The Office for Tax Simplification has recently shared some thoughts regarding the prospect that technology and digitalisation could eventually render it purposeless.
While that is a lofty ambition, there is a risk that technological change could actually lead to increasing volumes of tax legislation rather than reductions.
The main reason that the laws of the land relating to tax have become overblown and, at times, impenetrable is the desire of so many to avoid taxes, primarily by finding and utilising sometimes dubious loopholes.
If everybody paid the tax that Parliament intended when it set down each piece of primary legislation, we would probably have a relatively small number of quite simple statutes. However, as we regularly discover, the well-to-do both corporate or individual have a knack of paying tax at considerably lower rates than anyone could realistically expect.
If you have £1m of income and a 45% tax rate cuts in at £150,000, with two-thirds of the remainder at 40%, then the man or woman in the street would assume that your tax liability would be in excess of £400,000.
For many, that will be the case. However, one would wager that a majority of the independently wealthy manage to find ways to limit their liabilities, in some cases to levels that are laughably low.
At a corporate level, it is often even more extreme, as the world’s largest companies shelter profits from tax in this country (and others) by siphoning their activities through tax havens.
Since this is big business for professionals and continues to boom, the prospects for serious tax simplification must be pretty slim. Instead, we can expect the tax code to continue to grow like Topsy, regardless of any positive impact of computerisation.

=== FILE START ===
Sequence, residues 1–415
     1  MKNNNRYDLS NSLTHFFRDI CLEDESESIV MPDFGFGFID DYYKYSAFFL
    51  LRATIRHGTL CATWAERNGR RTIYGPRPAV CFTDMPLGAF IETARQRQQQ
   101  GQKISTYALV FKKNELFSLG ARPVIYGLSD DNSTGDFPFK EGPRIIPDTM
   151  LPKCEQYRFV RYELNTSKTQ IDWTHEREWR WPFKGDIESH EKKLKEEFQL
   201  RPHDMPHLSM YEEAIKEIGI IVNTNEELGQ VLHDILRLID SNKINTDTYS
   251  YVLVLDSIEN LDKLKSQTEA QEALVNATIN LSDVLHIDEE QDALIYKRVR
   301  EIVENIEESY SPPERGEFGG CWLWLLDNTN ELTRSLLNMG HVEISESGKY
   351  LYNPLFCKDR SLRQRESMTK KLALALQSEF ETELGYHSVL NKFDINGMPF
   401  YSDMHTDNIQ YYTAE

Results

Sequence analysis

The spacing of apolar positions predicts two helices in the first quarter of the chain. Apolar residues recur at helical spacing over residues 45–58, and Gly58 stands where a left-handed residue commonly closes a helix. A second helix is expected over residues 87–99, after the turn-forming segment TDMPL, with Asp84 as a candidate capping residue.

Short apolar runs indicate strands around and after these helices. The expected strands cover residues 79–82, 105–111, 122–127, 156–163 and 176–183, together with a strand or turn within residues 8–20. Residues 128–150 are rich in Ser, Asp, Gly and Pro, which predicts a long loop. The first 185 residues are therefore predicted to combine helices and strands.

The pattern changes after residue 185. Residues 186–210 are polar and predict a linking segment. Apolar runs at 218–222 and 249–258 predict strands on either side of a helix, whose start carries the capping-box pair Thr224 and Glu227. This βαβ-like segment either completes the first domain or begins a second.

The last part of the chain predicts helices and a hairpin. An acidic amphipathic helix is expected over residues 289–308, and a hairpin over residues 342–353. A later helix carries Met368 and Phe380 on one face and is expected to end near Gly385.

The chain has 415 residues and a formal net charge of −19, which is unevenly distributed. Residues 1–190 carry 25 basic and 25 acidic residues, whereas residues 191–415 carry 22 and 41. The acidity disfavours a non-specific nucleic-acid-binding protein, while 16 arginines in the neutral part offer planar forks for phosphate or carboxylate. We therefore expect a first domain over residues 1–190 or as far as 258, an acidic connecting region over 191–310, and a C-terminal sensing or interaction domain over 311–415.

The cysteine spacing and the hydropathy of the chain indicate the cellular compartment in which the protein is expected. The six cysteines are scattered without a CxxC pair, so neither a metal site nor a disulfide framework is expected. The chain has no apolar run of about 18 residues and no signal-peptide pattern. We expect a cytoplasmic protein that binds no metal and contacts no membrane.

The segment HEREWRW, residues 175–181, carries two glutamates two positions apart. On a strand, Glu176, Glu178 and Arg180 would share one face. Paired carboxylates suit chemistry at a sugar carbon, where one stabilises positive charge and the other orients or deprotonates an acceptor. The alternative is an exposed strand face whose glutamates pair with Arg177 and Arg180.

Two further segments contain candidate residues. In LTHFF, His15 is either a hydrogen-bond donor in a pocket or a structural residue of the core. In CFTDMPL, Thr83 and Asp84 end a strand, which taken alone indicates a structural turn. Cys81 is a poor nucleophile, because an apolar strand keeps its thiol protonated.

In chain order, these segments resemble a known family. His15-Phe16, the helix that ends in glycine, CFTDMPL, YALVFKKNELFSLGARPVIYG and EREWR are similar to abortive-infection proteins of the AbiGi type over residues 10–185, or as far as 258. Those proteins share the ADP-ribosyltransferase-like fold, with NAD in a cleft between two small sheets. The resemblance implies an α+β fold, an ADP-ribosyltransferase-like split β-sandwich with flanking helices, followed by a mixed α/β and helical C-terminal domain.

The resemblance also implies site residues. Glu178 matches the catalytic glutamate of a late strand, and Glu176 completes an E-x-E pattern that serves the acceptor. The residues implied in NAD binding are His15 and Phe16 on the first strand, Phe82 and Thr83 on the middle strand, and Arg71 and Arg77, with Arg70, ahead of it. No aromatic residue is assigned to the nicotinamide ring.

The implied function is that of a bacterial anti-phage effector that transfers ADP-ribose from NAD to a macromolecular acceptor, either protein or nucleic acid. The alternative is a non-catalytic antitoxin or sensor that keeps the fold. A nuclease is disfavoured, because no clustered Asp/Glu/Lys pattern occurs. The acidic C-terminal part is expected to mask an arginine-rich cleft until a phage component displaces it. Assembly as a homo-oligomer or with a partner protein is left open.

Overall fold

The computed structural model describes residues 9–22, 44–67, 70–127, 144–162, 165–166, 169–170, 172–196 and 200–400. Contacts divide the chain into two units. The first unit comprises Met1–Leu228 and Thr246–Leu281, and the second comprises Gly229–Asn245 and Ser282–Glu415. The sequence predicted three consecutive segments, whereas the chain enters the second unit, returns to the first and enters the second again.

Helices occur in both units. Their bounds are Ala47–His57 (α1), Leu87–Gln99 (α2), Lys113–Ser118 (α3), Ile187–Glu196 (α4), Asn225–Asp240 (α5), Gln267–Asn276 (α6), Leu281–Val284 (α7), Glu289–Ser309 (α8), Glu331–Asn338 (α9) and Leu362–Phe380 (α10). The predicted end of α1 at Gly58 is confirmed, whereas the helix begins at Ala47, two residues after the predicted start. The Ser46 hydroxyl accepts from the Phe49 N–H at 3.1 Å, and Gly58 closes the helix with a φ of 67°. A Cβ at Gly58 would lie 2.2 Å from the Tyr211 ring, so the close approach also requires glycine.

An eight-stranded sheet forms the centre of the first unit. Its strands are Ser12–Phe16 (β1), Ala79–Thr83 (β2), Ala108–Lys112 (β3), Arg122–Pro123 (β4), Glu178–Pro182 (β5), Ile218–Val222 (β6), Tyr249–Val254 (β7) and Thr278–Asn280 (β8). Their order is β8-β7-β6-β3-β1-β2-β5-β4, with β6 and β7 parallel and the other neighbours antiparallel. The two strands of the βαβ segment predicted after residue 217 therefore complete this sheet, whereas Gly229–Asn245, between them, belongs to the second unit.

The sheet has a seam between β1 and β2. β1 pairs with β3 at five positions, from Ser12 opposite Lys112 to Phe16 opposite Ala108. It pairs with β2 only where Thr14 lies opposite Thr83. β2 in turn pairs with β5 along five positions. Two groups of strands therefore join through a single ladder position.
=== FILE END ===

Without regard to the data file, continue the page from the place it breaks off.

A separate issue is the failure of HMRC to implement technological change effectively. Making Tax Digital has hardly been a great success so far, although after a lot of teething problems online filing is now beginning to look like the real thing. That is a big simplification and must surely be welcomed by anybody that owns a computer.
In the fullness of time, one imagines that technology will make life easier for both taxpayers and the authorities. In particular, having greater unification of data relating to an individual, company or group within the system could save a lot of hassle for us, both as advisers and taxpayers, while it might also mean that the authorities are better able to counter certain types of illegal activity such as fraud and evasion.
The serious simplification has to await massive change that will only peripherally be assisted by computerisation. Taking people out of the tax net completely is the perfect way to achieve this, but comes at a cost. Reducing rates, reliefs and interest/penalties would help a great deal but for political reasons, rather than practicality, it seems unlikely that any government would be willing to do anything more than tinker around the edges.
The most interesting development would be around direct data collection by the tax authorities. In principle, if they could automatically collect P60 information from employers, interest from the banks and other information for equivalent third parties that might help a great deal.
However, many of us might regard this as an unwarranted and completely unacceptable invasion of our privacy, thus negating all of the potential benefits.
It will be fascinating to see how this debate develops over the coming years but do not expect any quick fixes.